Knowledge about the status of this cutaneous condition was defined in terms of the respondent’s information about the options in the questionnaire, namely the type of lesions, place of lesions, condition of lesions, if he or she gets medicine from a doctor or is self-medicated. Similarly, information about the living conditions of respondents, type of vegetation around their houses, information about the rooms, status of doors and windows in the rooms was also recorded bimonthly. The general scores for each respondent were between 0 and 3.

Statistical analysis

The demographical characteristics were analyzed by the Chi-square test (to assess the association among factors and to calculate the p-value) and regression analysis (disease incidence versus beetle’s population) using Statistical Package of Social Science (SPSS 13). The remaining data were analyzed via simple percentage (%) and line graph.

Results and discussion

Demographic characteristics

The demographic characteristics of 980 people (444 urban and 536 rural) including males and females in a ratio of approximately 1:1 is shown in Table 2. The age of respondents varied from 3 to 65 years. The data showed non-significant differences in age and sex but highly significant discrepancies were recorded in education and work place (occupation).
Table 2

Demographic characteristics of 980 respondents in urban and rural areas

 

Urban no. (%)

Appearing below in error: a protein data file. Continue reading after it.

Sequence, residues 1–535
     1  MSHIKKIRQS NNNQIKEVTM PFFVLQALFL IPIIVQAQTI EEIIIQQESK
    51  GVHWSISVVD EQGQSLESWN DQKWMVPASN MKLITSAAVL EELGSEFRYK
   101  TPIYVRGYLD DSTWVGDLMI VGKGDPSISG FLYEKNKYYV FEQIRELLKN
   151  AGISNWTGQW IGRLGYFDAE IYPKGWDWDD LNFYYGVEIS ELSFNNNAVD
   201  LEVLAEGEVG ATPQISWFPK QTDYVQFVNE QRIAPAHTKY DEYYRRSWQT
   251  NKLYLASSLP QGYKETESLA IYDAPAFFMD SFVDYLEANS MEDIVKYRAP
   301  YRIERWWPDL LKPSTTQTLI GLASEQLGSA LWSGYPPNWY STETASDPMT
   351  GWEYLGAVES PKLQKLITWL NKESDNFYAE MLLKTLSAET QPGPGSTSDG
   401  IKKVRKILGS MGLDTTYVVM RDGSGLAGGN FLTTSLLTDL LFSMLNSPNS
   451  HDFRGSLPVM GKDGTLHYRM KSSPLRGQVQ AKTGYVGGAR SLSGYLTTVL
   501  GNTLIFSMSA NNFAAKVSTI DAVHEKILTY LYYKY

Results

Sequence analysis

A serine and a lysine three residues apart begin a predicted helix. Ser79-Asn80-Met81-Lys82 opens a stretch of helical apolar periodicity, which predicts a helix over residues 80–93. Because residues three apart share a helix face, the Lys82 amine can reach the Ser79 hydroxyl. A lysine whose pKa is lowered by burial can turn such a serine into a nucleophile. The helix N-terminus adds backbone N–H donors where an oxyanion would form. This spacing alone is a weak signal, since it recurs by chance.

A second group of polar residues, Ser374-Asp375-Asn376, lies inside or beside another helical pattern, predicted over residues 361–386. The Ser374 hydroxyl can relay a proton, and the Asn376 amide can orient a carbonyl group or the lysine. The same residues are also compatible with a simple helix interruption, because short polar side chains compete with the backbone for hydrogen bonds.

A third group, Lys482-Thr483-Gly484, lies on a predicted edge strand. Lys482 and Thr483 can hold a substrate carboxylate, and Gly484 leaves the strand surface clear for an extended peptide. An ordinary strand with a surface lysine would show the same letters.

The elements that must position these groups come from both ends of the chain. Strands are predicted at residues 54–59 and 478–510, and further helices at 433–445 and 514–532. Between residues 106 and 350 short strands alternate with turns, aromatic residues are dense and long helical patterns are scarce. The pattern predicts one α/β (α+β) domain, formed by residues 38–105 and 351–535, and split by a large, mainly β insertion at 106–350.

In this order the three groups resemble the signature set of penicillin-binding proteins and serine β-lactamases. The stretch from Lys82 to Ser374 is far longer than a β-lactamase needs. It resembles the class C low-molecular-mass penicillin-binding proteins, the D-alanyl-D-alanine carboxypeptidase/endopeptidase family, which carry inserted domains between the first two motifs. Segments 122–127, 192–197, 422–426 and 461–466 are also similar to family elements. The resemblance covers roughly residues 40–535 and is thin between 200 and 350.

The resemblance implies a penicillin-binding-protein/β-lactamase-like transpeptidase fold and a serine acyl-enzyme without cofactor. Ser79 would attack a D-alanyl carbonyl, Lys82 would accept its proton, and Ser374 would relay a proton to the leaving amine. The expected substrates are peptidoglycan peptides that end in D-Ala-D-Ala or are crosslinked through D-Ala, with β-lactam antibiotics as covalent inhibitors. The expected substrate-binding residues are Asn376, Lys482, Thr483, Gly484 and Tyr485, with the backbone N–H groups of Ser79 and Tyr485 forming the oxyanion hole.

Rural no. (%)

Total no. (%)

p value

Gender

   

0.86

Male

247 (55.6)

301 (56.2)

548 (50.7)

 

Female

197 (44.4)

235 (43.8)

432 (49.3)

 

Age

   

0.09

<10

23 (5.1)

37 (6.9)

60 (6.1)

 

10-20

107 (24.1)

95 (17.7)

202 (20.6)

 

21-30

123 (27.7)

157 (29.3)

280 (28.6)

 

31-50

154 (34.7)

189 (35.2)

343 (35)

 

>50

37 (8.3)

58 (10.8)

95 (9.7)

 

Education

   

≤0.001

Illiterate

32 (7.2)

76 (14.2)

108 (11)

 

Upto middle

311 (70)

405 (75.5)

716 (73)

 

Above middle

101 (22.8)

55 (10.3)

156 (16)

 

Occupation

   

≤0.001

Farmers

124 (27.9)

435 (81.1)

559 (57)

 

Non-farmers

320 (72.1)

101 (18.9)

421 (43)

 

p-value indicates the association (strong or weak) among the factors.

Out of 980 observations, 259 (26.4%) were found to be affected with Paederus dermatitis. Out of the 259 affected individuals, 155 (60%) were female and 104 (40%) were male. A total of 70% of the victims were from farming communities living in the rural areas with no proper housing facilities (i.e. with broken doors, windows without screens) or they lived in the open air. The age of the patients ranged from 14 to 45 years with a mean age of 23.6 ± 4.7 years. A non-significant difference was found in the symptoms on the basis of body area or sex. Out of the 259 patients, 238 complained of burning sensations and 21 were asymptomatic. The majority (97%) of the affected subjects were not aware of this insect being the causative agent of their condition. The most commonly involved sites were the neck and face, as shown in Table 3. “Kissing” lesions were seen in ten cases (3.8%). However, significant differences were not found among different localities.
Table 3